My kisses are sort of limited to...well, female human things. -Claudio
Question #52924 posted on 08/04/2009 3:01 a.m.

Dear 100 Hour Board,

I seem to live with a condition wherein few things interest me. I am currently not a college graduate, working in a career I do not enjoy. I am married, working full time to support my wife in her advanced degree. I have looked in depth at all the majors at BYU and the other University where I am now a student. Literally none of them appeal me to the point that I'd be willing to spend several years and many thousands of dollars to become educated in those fields. I seem to have the uncanny 'ability' to eschew any possibility that comes my way. As soon as an idea comes into my mind, I immediately think of plenty of reasons not to pursue said idea.

It has gotten to the point where I would rather just sit around and watch Arrested Development (no irony there, I assure you) in lieu of doing anything meaningful. It isn't that I don't want to be successful and happy. It is just that I cannot find any avenue through which I can be happy, successful, and most importantly at this stage, financially competent and sound.

I've been told this is often a symptom of some type of depression--I've been treated in the past with rounds of therapy, and most anti-depression medications on the market, all to little avail.

I feel as though my progress in all aspects of my life has been stunted--reversed in some cases even. I really don't know what to do. Any ideas, comments or suggestions?

It is much appreciated.

- Anonymous

A: A-

Move. Find a different university with a major that would interest you. Find a hobby, such as baking, running, painting, gardening, or something similar. Find an apprentice program in a field you think would be fun and apply for it. Read intellectually demanding books, and unplug your TV (it will suck your life away). Don't hang out on the internet so often. Apply for a new job (no amount of money is worth the misery of an unpleasant job). If you feel like it's possible you are depressed, continue to see a therapist (but maybe you need a new one) and take the medications they prescribe for you.

In short, make some major changes in your life to prevent yourself from stagnating at the point you are at.

- Cuddlefish
A: Dear Nony,

I agree with Cuddlefish here, in some ways. You might just have to deal with a bunch of meaningless crap (i.e., education that never directly applies to your field) to get to the point where you feel that you can do something meaningful. Instead of thinking of reasons not to do something, try to think of reasons you might want to do it.

Sometimes I feel like I don't have interest in things either (not as badly as you do, though). I look at the hard work I put into things and wonder why I was such a sucker. But, this is an outlook that isn't going to help me get anywhere. I find that when I stop worrying about what "interests" me and just dive into material, I start to get interested in it again. Maybe you're past the point where doing a little research will revive your interest. Ask your wife what you think you would be good at, and what you would enjoy, based on what you've enjoyed in the past, and start to do some work at that.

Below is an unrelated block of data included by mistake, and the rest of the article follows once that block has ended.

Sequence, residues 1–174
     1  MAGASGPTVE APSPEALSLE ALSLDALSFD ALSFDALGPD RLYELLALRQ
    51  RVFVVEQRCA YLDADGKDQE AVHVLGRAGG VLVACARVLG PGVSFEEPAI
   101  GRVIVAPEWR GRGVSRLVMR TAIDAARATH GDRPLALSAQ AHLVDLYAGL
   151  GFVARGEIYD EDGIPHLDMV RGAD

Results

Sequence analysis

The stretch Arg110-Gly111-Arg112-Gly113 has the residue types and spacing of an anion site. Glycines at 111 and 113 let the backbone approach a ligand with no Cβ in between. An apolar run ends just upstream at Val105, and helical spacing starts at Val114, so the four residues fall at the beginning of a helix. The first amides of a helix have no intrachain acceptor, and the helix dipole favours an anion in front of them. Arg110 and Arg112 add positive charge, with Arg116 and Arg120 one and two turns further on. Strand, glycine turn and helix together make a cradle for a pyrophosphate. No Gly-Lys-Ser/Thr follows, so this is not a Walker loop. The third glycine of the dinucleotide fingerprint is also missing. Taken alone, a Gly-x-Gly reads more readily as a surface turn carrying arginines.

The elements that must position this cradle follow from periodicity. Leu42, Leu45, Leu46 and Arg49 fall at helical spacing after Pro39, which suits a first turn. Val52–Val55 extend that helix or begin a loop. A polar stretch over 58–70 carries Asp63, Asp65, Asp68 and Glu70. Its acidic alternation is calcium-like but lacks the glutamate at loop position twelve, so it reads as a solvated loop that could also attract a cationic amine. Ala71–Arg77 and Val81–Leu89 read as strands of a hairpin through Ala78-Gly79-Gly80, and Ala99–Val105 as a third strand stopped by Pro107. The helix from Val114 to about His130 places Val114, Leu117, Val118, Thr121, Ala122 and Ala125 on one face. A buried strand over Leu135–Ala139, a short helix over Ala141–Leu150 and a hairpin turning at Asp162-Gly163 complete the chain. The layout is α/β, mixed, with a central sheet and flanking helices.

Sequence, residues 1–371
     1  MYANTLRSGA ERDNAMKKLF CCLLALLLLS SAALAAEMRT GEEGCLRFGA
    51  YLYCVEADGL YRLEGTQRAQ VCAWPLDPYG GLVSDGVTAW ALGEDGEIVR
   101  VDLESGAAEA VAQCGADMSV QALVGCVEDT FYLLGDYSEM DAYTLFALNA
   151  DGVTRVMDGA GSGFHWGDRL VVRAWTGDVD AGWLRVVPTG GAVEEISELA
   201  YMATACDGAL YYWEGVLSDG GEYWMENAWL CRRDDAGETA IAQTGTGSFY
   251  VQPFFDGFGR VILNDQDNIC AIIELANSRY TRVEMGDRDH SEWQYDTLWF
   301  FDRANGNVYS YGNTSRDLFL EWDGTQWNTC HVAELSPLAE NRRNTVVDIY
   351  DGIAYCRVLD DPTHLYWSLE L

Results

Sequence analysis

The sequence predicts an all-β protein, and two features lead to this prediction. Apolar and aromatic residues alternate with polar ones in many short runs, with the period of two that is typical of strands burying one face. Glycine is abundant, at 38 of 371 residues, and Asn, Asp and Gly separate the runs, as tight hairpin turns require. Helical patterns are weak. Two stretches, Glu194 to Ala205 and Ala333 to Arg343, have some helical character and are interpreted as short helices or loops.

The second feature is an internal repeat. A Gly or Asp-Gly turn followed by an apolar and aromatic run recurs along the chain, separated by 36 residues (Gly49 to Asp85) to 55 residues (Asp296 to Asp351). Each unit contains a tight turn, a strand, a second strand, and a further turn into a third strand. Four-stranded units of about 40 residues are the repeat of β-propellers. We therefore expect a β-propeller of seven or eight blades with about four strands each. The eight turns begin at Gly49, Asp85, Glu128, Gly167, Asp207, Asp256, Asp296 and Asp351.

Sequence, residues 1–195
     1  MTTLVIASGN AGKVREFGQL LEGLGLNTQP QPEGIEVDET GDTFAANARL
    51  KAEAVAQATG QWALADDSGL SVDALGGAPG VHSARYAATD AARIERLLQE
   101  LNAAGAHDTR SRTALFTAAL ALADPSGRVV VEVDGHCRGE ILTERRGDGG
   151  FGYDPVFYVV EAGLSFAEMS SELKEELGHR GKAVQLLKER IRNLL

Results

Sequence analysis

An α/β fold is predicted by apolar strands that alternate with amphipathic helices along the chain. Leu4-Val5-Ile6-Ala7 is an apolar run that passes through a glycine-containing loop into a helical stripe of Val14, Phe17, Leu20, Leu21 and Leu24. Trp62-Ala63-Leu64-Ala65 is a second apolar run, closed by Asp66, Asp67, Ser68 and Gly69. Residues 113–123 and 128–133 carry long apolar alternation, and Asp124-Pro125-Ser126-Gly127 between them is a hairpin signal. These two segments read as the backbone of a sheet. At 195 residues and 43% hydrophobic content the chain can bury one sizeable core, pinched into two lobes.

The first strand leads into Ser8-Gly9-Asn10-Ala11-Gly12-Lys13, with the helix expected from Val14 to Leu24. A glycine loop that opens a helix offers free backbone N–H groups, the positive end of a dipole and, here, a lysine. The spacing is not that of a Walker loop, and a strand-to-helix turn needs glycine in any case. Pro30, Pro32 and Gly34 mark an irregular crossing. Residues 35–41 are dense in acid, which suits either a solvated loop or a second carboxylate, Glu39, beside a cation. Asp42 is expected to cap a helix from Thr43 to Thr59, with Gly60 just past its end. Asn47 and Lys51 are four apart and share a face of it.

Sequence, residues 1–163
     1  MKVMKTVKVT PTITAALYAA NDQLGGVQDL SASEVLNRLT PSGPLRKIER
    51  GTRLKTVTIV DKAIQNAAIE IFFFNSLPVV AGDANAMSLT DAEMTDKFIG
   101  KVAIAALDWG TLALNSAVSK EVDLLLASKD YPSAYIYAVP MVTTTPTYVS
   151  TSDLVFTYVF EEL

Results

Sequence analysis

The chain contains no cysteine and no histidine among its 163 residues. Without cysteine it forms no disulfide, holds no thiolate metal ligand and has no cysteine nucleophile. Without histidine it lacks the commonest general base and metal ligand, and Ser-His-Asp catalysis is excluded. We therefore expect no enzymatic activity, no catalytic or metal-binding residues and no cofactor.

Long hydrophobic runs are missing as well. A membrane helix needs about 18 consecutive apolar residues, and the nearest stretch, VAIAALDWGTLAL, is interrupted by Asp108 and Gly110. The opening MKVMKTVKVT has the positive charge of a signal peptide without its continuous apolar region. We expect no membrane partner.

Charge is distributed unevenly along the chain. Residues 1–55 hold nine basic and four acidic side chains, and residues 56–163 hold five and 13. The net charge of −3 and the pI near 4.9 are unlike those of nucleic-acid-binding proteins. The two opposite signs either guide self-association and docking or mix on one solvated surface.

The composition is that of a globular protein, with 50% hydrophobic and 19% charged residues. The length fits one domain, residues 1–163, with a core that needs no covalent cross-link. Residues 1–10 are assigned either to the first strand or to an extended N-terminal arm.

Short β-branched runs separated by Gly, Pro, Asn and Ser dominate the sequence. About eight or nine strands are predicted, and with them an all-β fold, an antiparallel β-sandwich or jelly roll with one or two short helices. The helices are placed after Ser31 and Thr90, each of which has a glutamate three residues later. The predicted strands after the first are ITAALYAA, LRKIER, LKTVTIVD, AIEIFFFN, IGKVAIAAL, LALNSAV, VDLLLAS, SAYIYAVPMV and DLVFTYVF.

Agh, every time I say "work at it," I get the feeling that I'm missing your main issue, which is that you don't feel motivated to do anything, because nothing interests you. It might help you to go back to your core beliefs and examine why ANYTHING is worth doing. Don't go overboard in the pessimism here - try to think about this with some hope if you can. If you're LDS, you know that we're here on earth for a purpose - to get a body, to learn line upon line, and to participate in saving ordinances. We believe that our relationships with others and the knowledge we gain are the only things we can take with us when we die. Might it be worthwhile to learn all that you can while you're here? And if you can't motivate yourself to learn ancient Greek (or computer programming, or philosophy, or anything, really), don't you think it would be worth a couple of hundred dollars to get into a class where someone experienced in the field can help you organize and pace your learning?

Anyway. Maybe academics isn't the thing for you. When I was feeling really cynical about academics, I found that learning some piano technology really invigorated my love of learning. Try working with your hands - like learning to play piano, or taking a martial arts class, or having a friend teach you how to maintain motorcycles. Learning something that isn't abstract as a foreign language or a literature course might help you regain interest in things.

And, maybe you can make a career out of watching Arrested Development... I understand that film and popular culture are valid areas of academia... ;-)

That's all I've got. I wish there was some magic potion that could get you excited about things, but I don't know you well enough to know what things interested you in the past. Your therapist will probably have some better and more specific suggestions.